Wednesday, June 20, 2018

Kids' Summer Cooking 2018, Week 1




Summer vacation!! Woohoo!! After a whirlwind of a finish to the school year, a graduation celebration, and a couple road trips, we are settled into our summer routine. More about all that later. But that means the kids are cooking dinner! Each kid is cooking one dinner each week.

Week 1
Keanna: creamy pesto with bow tie pasta and Greek salad (Kimiko's salad recipe here)
Lukas: pancakes (see Kimiko's recipe here)
Koda: pizza with homemade dough (focaccia as the crust!)
April: baked potatoes, chili, and broccoli

Meanwhile, as the kids are enjoying swimming lessons, summer reading time, play dates, and more time outside, I am preparing for next school year. For the fist time, I will be teaching a video production elective. Consequently, I'm having to produce some example videos to show my students what my expectations for them are. Using pictures I had readily available on my phone, I threw this video together while experimenting with Adobe Spark. Enjoy!


Saturday, April 7, 2018

Taming the Kids' Dishes


I actually enjoy doing dishes. Most of the time. The warm water. The clean kitchen afterward. It's rewarding to me. But that doesn't mean I want to be doing dishes all the time.  During the school year, I have very little time at home with my family. As much as I like clean dishes, I was saddened by the fact that I had to say "No" to other things to get them done. Yes, ideally, my kids should be doing all the dishes by now. But due to our season in life and our daily schedule, that's just something we can't do right now.

A few months ago I finally got fed up with the amount of time I was spending on dishes, and I took a drastic step--I donated all the plastic kid dishes.* Seriously. We had about a dozen Pampered Chef plastic plates and various Ikea kid dishes. That was one of the problems. We had too many dishes. With so many dishes in the cupboard, the kids felt like they could get a dish out any time they wanted. We had trained them to rinse their dishes and put them in the dishwasher (or the sink if the dishwasher was full/clean/running). But I still spent so much time unloading the dishwasher, hand drying the plastic stuff that didn't dry in the dishwasher, reloading the dishwasher, and hand washing all the dishes that didn't fit in the dishwasher. With our crazy schedule, there were always dishes in the sink.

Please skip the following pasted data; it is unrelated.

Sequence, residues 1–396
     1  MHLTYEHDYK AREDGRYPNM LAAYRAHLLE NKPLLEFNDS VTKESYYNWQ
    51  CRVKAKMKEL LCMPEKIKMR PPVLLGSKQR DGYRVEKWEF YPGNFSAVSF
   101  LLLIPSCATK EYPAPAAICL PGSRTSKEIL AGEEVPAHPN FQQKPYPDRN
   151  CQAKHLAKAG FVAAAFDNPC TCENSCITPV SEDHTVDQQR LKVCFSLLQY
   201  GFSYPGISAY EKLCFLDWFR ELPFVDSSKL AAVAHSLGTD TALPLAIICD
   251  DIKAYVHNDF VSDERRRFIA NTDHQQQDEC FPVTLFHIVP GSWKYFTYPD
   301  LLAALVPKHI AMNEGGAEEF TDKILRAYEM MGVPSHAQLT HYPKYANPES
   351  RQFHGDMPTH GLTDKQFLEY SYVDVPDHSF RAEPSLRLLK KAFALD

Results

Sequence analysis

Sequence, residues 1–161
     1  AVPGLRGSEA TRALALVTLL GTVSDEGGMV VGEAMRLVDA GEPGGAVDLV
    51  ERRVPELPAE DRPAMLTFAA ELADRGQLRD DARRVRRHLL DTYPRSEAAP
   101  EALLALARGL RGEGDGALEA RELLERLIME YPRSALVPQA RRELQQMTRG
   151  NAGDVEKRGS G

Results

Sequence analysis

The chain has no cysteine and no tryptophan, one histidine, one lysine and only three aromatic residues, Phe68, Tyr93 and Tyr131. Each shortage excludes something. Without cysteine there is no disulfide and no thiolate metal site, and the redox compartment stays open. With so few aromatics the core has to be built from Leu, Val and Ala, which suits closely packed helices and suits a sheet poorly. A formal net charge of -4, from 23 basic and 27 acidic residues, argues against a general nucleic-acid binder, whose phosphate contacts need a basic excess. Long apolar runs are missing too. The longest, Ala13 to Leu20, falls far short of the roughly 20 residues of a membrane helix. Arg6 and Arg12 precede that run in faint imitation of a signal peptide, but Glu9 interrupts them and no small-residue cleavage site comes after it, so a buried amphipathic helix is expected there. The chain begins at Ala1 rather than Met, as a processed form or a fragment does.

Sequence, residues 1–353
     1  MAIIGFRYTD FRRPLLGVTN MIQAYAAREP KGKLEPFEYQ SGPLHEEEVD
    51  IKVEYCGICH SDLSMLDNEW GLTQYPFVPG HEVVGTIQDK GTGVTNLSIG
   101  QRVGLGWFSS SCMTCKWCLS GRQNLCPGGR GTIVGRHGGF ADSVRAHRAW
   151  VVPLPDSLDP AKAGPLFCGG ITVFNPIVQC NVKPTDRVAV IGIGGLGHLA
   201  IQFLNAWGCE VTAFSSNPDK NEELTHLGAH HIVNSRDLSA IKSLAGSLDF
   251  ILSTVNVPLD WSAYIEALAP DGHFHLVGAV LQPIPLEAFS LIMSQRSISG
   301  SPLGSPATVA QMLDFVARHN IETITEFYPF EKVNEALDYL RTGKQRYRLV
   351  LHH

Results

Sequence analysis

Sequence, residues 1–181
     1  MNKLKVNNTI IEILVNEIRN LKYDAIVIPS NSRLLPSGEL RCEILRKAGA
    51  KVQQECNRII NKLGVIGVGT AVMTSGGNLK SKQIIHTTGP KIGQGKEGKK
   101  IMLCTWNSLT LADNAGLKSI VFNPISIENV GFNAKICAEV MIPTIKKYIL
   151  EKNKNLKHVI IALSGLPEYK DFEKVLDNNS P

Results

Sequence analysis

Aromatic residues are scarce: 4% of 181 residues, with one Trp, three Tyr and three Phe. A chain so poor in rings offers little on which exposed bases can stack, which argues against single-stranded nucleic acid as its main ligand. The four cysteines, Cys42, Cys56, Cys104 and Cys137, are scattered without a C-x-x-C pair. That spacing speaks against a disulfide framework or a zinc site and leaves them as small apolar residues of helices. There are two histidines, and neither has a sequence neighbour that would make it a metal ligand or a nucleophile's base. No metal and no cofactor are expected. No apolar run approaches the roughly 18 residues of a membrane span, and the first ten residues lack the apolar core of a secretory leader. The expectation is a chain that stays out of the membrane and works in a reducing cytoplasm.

"I donated all the plastic kid dishes."

With my cupboards empty, I replaced the old kid dishes with nine new kid dishes. Each of the younger ones has exactly one plate, one bowl, and one cup. These are the only dishes they are allowed to use. After each use, they hand wash, dry, and put their dishes away. Each kid has a different color so there is no arguing about who left their dishes out or who forgot to clean theirs. Keanna is old enough to use the real, grown-up dishes so I didn't buy her a set.




"Each of the younger ones has exactly one plate, one bowl, and one cup... After each use, they hand wash, dry, and put their dishes away."

Kid dishes go in the lower cupboard for
easy access by little people.